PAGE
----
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Danger level 6
Type: Trojans
Common infection symptoms:
  • Slow Computer
  • System crashes
  • Installs itself without permissions
  • Can't be uninstalled via Control Panel

Aleta Ransomware

The malicious Aleta Ransomware can slither into your operating system without any warning. When it does, it is quick to encrypt files with such extensions as .bat, .bin, .bmp, .cab, .dat, .dll, .exe, .GRL, .ini, .lnk, .log, .msi, .png, .rbs, .sdb, .tmp, .vsch, .xml, and .zip. Besides encrypting these files, the infection also changes their names by adding the “.[darkwaiderr@cock.li].aleta” extension at the end. In fact, that is a good thing because that makes it easier to see which files were encrypted. Unfortunately, once the files are encrypted, there is not much that can be done, even if you had set a system restore point. The lack of options in this situation is what is meant to push you into following the demands displayed via a scary ransom note that is represented via the Desktop wallpaper. Cyber criminals, of course, want you to pay a ransom, but you have to remember that a decryption tool is unlikely to be provided to you if you do. Unfortunately, that is how cyber criminals operate. Once they get what they came for, they move on to the next victim. Overall, whatever you do, you MUST remove Aleta Ransomware.

Once Aleta Ransomware slithers in, it immediately starts the encryption of your files. According to our research, the infection evades those directories that have “$recycle.bin,” “appdata”, “intel,” “msocache,” “nvidia,” “programdata,” “program files,” “program files (x86),” and “windows” strings in their names. That is done to avoid the encryption of system files, which, of course, could lead to the failure of the entire operating system and, ultimately, make Aleta Ransomware useless. Additionally, the infection deletes Shadow Volume Copies (the command is “cmd.exe /c vssadmin.exe Delete Shadows /All /Quiet”) to prevent you from recovering files yourself. Also, the ransomware uses “cmd.exe /c bcdedit.exe /set {default} recoveryenabled No” and “cmd.exe /c bcdedit.exe /set {default} bootstatuspolicy ignoreallfailures” commands to disable startup repair. Unfortunately, that ensures a successful encryption, and, unless your files are backed up on external drives or online, you will not be able to recover them yourself. Once all of that is done, the infection creates a file called “1.bmp” (placed under %APPDATA%) and replaces the usual Desktop wallpaper with it.

According to the ransom note represented via the Desktop wallpaper, you need a private key and a decryption program to have the files decrypted. To get the key and the program, you are requested to email an ID to darkwaiderr@cock.li. The note informs that the ID can be found in a file named “READ_ME”, and it also threatens to delete the key if you do not email within 36 hours. The second ransom file is actually named “!#_READ_ME_#!.inf”. This file provides you with more information, but it does not reveal the sum that you need to pay in Bitcoins to get the decryptor. It is suggested that the sum depends on how fast you email the creator of Aleta Ransomware. If you contact cyber criminals, remember that they can record your email address. If you do not want your inbox flooded with spam and corrupted emails, it is best to use an address that you will not be using again. That being said, communicating with cyber crooks is not recommended, just like it is not recommended that you pay the ransom demanded from you. Ultimately, you have to decide what you will do yourself, and, regardless of the outcome, you must not forget to delete Aleta Ransomware.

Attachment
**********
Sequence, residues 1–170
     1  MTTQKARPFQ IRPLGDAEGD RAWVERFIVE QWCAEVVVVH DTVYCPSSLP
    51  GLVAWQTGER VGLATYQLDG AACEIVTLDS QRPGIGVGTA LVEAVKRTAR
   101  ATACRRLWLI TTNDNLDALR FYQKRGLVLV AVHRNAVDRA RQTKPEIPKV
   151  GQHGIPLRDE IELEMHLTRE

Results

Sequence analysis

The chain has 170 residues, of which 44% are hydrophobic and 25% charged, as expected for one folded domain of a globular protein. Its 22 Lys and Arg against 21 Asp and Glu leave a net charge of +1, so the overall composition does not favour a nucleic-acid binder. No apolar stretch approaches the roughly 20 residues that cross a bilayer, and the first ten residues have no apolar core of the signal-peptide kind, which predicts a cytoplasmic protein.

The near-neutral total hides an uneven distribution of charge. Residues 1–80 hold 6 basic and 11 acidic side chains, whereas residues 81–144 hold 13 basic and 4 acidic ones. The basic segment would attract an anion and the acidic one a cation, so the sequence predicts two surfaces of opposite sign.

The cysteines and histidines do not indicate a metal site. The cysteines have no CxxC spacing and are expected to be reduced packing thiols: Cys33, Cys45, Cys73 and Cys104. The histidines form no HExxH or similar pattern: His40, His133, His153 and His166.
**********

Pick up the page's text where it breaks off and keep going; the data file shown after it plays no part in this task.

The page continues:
As you can see, there are quite a few steps in the removal guide below. If you do not have experience removing registry entries and files, this operation might seem quite complex, but if you take it one step at a time, we are sure that you have a chance at deleting Aleta Ransomware yourself. Of course, employing anti-malware software is the better option, and we strongly recommend at least considering the installation of this software. Not only will it remove the ransomware but also keep your operating system guarded against malware in the future, and you must be interested in that, considering that a malicious ransomware has managed to slither into your PC unnoticed. Regardless of which method you choose, it is most important that you take care of the removal of the malicious infection, as well as the protection of your operating system.

Aleta Ransomware Removal

  1. Launch RUN by tapping Win+R keys.
  2. Enter regedit.exe to launch Registry Editor.
  3. Navigate to HKCU\Control Panel\Desktop\Wallpaper.
  4. Right-click and Delete the [unknown name] value representing the 1.bmp file.
  5. Navigate to HKCU\Software\Microsoft\Windows\CurrentVersion\Explorer\FileExts\.
  6. Right-click and Delete the key named .aleta.
  7. Navigate to HKCU\Software\Microsoft\Windows\CurrentVersion\Run.
  8. Right-click and Delete the value named DECRYPTINFO that represents the \!#_READ_ME_#!.inf file.
  9. Launch Windows Explorer by tapping keys Win+E.
  10. Enter the directory into the bar at the top (see the list below) and Delete the !#_READ_ME_#!.inf file:
    • %ALLUSERSPROFILE%\Start Menu\
    • %APPDATA%\Microsoft\Windows\Start Menu\
    • %USERPROFILE%\Microsoft\Windows\Start Menu\
    • %ALLUSERSPROFILE%\Microsoft\Windows\Start Menu\
    • %ALLUSERSPROFILE%\Application Data\Microsoft\Windows\Start Menu\
  11. Delete the [random name].exe launcher that might be found in these directories (note that the file could be placed in a different location):
    • %USERPROFILE%\Desktop
    • %USERPROFILE%\Downloads
    • %TEMP%
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